@concretecentre has the more formal approach, in keeping with what The Concrete Centre do.

@thisisconcrete had to keep the existing logos and colour-ways, but we needed to freshen things up. We did this by applying different treatments.

Previously the header was always a building so not very forward-thinking. The new image is more inspirational showing the feed as a more engaging resource.

Cafe Concrete Seminars

‘Cafe Concrete at Coin Street’

The Concrete Centre held a pop-up event at an established location – Coin Street Neighbourhood Centre on the Southbank.

The brief was to align the event with the forward-thinking community project, the only real restrictions being we had to incorporate the full name of the event, ‘Cafe Concrete at Coin Street’, within the logo and use the colour-theme of the event, which was to be ‘black and white, with a splash of orange’ (this was a directive from the architect leading the project).

Our answer was to start with a reference to the venue by creating a block pattern based on the outside structure of the building and the shapes from its orange façade, while the bold, clear shape of the logo was derived from the brutalism usually associated with concrete architecture.

The logo has no fixed length, the shape cast by the type extends to wrap around walls and along floors when applied within the building — for once with a logo — the bigger the better.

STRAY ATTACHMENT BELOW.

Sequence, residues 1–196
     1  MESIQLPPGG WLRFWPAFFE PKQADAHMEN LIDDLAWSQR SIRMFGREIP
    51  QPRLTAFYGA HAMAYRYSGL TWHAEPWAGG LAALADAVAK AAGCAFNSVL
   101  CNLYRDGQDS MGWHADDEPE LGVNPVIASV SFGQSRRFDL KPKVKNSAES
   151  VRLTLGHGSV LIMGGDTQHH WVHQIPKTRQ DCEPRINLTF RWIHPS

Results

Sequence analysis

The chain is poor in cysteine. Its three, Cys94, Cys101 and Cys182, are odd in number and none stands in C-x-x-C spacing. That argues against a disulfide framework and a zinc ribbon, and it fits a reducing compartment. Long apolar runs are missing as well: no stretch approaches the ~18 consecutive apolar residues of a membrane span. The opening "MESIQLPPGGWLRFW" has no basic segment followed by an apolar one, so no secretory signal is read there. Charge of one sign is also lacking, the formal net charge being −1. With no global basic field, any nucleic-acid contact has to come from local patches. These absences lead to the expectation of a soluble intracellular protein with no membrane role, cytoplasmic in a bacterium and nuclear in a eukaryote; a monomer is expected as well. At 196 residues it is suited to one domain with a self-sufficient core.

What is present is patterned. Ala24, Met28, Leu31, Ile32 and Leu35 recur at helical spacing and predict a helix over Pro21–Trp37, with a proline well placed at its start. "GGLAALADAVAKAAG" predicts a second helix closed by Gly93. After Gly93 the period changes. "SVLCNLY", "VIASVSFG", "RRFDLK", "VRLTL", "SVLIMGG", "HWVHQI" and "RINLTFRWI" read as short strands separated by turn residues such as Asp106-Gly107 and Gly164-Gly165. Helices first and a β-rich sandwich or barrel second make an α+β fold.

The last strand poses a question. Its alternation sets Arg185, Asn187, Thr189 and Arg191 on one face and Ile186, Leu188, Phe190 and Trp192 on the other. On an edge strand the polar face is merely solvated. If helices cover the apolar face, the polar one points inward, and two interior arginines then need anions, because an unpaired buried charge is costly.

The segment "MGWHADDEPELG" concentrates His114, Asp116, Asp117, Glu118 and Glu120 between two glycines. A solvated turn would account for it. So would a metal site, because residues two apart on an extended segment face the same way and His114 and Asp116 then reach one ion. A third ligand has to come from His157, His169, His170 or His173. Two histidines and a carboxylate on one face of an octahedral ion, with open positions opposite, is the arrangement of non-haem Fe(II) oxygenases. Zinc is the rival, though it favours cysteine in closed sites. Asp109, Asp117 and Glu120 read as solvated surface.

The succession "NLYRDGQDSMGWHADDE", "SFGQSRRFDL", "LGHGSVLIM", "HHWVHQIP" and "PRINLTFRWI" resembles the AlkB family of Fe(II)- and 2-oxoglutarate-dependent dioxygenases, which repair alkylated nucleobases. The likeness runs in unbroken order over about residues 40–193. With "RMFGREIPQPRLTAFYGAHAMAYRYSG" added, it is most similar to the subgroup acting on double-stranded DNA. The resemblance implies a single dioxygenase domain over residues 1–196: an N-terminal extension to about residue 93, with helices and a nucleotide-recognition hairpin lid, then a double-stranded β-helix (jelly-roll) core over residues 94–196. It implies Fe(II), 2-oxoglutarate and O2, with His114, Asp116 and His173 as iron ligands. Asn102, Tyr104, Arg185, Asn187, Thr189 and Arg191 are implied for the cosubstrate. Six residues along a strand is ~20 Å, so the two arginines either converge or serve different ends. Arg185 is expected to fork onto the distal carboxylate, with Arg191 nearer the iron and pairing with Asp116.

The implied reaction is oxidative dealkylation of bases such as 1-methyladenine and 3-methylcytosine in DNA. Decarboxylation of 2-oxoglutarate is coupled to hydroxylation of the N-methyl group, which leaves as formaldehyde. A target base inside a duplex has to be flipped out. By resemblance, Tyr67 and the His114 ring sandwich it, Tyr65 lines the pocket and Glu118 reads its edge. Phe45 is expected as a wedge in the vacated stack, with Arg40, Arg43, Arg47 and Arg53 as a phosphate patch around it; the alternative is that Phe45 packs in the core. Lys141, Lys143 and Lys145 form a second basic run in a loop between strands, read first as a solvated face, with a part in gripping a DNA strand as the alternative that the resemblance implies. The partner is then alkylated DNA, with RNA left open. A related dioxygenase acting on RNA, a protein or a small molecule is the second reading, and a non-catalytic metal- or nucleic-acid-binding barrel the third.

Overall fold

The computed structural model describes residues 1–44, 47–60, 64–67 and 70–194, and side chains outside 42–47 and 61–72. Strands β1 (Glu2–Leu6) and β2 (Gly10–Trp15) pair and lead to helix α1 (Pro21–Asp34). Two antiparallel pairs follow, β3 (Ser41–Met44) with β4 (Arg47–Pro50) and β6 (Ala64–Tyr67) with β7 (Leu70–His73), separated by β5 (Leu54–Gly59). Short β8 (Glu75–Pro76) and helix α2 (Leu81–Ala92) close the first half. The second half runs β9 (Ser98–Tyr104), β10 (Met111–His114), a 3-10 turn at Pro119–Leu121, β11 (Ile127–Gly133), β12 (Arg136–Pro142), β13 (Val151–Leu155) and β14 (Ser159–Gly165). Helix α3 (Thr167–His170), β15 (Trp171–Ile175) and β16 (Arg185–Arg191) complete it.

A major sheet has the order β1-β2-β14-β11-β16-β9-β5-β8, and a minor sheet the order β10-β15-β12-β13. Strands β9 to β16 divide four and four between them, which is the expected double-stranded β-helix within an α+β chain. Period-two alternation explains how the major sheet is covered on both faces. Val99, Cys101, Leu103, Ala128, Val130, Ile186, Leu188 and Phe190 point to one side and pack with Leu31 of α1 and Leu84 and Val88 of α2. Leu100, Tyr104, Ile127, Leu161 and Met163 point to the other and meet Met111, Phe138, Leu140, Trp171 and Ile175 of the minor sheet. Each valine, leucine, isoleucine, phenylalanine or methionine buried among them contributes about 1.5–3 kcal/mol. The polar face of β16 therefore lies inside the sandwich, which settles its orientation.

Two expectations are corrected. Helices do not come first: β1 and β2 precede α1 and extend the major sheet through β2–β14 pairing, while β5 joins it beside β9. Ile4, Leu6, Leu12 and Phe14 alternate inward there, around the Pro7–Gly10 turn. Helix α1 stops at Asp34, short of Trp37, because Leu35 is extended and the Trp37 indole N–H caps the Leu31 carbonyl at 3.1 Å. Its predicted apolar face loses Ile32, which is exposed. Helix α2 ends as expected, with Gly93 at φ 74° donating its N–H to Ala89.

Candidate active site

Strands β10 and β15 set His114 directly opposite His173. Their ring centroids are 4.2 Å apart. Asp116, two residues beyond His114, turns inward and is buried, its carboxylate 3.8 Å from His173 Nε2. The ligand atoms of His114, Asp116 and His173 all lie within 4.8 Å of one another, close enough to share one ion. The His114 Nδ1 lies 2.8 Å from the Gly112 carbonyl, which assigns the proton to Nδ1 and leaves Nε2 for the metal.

A number of items were designed to promote the event. We added more angles taken from the inside of the building to make new bold shapes, both positive and negative. Other items showed the no-nonsense logo at full strength to carry on the brutalist association.

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Iron & Rose

The launch of Iron & Rose, a new, local, independent wine merchant.

The name is inspired by the smell and taste of ‘Barolo’, an Italian wine: “Wine produced in the northern Italian region of Piedmont vineyards must be located on hillsides.

The wines they sell are all sourced from organically and bio-dynamically farmed vineyards, winemakers who keep their product pure, but above all the focus is on wines that taste good, are authentic and speak of the people and places that made them. As well as wines, other products on sale, such as teas and coffees, are sourced in the same way: from plantations with the same ethics and approach.

They wanted an identity with an independent feel, earthy, rural, stripped back — to be as environmentally sensitive as possible to match their values: Organic, Sustainable, Ethical, Natural, Biodynamic, Integrated Agriculture. Even the bank they chose prides itself on history, values and ethics.

“Barolo is often described as having the aromas of tar and roses, and the wines are noted for their ability to age and usually take on a rust red tinge as they mature. Barolo needs to be aged for at least 38 months after the harvest before release, of which at least 18 months must be in wood.”

“All of what we sell we source from producers with strong environmental and ethical policies. Much of what we sell is grown organically, some bio-dynamically. Lots are produced entirely naturally with nothing added and nothing taken away.”
Robin Nugent, Director